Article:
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The Sea Wasp (Ryk E. Spoor)
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Thursday, February 3rd, 2011

Time Event
Writer's Block: Heroes and villains
Who was your favorite childhood superhero, and why?

Meant to answer this back when it first appeared (Jan. 15th).

I had to think about this one for a bit, because there didn't seem to be a clear answer. Then a discussion on another subject gave me the answer:

Steve Austin, the Six Million Dollar Man.

I was the Golden Age (11 -12) when that show first came on. It was the first TV show that I can recall "discovering" all by myself. I happened to catch a preview of the upcoming movie, and it happened that the TV was free that night. So I watched it. And then they started the series, and it was MY series.

But it was more than that.

Though not BILLED that way, Steve Austin was a classic superhero in some ways; he had a secret origin, superhuman speed and strength, super sight. But he was played as much more; as an astronaut, it was assumed he was extremely bright, very well trained, with considerable technical skill and knowledge in multiple fields, and they USED these abilities. Steve's problems might end up being solved with the HELP of his bionic parts, but very few of them could have been solved SOLELY by his bionics. More often than not part of his solution was ... who he was.

Steve Austin represented the ideal American, not in some jingoistic sense, but in the sense that he was the very best of who we were. He was a cybernetic Captain America. His choices were often hard because he would be going against prejudice, against fear, and giving trust where other people wouldn't. And because of that, he often ended up with allies instead of enemies. Even his enemies he treated with respect most of the time. He was always willing to show mercy when warranted, but had no overdeveloped sense of guilt at having to permanently remove bad guys from the planet if they forced his hand (though he never, as far as I can recall, killed anyone directly -- set bombs to destroy bases, yes, but not killing people with his bare hands or weapons).

The writers also seemed more open to thought than was common in many shows. This was the height of the Cold War, the peak of the rivalry between the Soviet Union and the United States -- yet the very first time one of the shows involved Russians, it was with them in a sympathetic light, suffering a disaster that required cooperation on both sides. Oh, there were villainous Soviets, but the show almost never showed a villain as one-dimensional Evil. Even those who were clearly villains had their own unique quirks; Dr. Jeffrey Dolenz (AKA Chester Dolenz -- his name got changed in a later episode, alas for continuity) showed up three times and demonstrated an almost unheard-of rationality and detachment in his defeats; to him, it was all about the science of perfection in his simulations, and Steve's interference was in some ways simply a way of learning more about the limits of his robotic inventions.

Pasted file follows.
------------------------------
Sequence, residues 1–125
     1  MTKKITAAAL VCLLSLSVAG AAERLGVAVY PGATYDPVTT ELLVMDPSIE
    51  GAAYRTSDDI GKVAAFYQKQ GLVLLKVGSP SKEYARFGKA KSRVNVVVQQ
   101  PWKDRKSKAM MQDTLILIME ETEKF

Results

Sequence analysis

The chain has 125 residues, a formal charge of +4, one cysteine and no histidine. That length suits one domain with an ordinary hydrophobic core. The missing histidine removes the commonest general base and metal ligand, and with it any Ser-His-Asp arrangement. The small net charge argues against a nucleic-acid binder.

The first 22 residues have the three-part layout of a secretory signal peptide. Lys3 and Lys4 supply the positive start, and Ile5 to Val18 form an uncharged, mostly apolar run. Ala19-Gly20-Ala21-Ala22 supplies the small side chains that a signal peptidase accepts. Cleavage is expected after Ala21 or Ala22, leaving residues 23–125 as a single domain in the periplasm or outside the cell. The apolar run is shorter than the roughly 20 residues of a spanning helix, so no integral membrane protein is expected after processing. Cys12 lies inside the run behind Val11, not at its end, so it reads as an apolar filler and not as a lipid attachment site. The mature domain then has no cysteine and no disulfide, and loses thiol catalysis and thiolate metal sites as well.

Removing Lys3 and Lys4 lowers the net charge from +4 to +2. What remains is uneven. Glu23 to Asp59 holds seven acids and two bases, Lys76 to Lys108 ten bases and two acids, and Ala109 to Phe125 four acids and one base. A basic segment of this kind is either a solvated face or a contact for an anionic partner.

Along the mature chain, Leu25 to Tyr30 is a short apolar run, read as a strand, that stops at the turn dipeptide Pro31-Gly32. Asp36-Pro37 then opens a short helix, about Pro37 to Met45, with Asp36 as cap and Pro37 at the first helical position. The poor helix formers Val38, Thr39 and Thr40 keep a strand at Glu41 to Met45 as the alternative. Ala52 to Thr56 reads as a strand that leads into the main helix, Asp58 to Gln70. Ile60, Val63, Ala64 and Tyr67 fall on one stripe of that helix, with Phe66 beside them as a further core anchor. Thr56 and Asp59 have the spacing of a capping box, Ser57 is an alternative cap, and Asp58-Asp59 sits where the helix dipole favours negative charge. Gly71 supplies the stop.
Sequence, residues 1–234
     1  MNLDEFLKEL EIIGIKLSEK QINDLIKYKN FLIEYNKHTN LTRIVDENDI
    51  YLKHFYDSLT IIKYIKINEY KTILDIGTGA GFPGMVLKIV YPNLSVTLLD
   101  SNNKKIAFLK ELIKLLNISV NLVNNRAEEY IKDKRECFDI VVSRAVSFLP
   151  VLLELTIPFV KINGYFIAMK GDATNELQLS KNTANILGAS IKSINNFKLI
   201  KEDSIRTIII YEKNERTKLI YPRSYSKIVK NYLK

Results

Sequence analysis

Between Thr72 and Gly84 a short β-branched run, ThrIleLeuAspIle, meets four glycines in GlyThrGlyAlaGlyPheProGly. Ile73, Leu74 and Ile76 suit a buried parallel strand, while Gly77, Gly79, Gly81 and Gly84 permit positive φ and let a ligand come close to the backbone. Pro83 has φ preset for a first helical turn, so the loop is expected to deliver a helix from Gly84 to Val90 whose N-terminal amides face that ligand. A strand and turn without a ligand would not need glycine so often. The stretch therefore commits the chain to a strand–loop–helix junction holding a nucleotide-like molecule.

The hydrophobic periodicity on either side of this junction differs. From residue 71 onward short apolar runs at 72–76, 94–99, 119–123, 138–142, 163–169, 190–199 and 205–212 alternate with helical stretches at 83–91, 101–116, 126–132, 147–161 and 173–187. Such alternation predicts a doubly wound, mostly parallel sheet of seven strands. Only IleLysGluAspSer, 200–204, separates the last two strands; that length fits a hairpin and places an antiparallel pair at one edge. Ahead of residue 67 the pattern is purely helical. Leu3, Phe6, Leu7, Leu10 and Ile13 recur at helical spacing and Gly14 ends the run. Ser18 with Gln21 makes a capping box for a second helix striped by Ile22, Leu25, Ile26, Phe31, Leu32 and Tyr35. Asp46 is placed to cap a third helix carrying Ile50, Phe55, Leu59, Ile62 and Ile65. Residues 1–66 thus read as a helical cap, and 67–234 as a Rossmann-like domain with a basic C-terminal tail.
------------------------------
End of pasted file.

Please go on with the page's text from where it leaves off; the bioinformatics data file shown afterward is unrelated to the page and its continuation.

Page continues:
Even in his Leading Man classic womanizing ways, Steve was always respectful and never gave the impression that the women he was involved with were merely pretty faces, and then went on to become engaged to Jaime Sommers, who would become the Bionic Woman -- an equally All-American heroine (whose memory loss was one of the most painful tragedies ever enacted on TV, in my opinion).

The series has aged startlingly well (despite the fact that many of the stories would have a hard time surviving this era of the cell phone). It has its clear "dated" references -- the ESP episodes, especially -- but even those are very well handled.

So that was my true childhood hero: Steve Austin. Astronaut, test pilot. In my own way I've saluted him already, as the test pilot of Holy Grail, and leader-by-default of the expedition, was Ariane STEPHANIE Austin.

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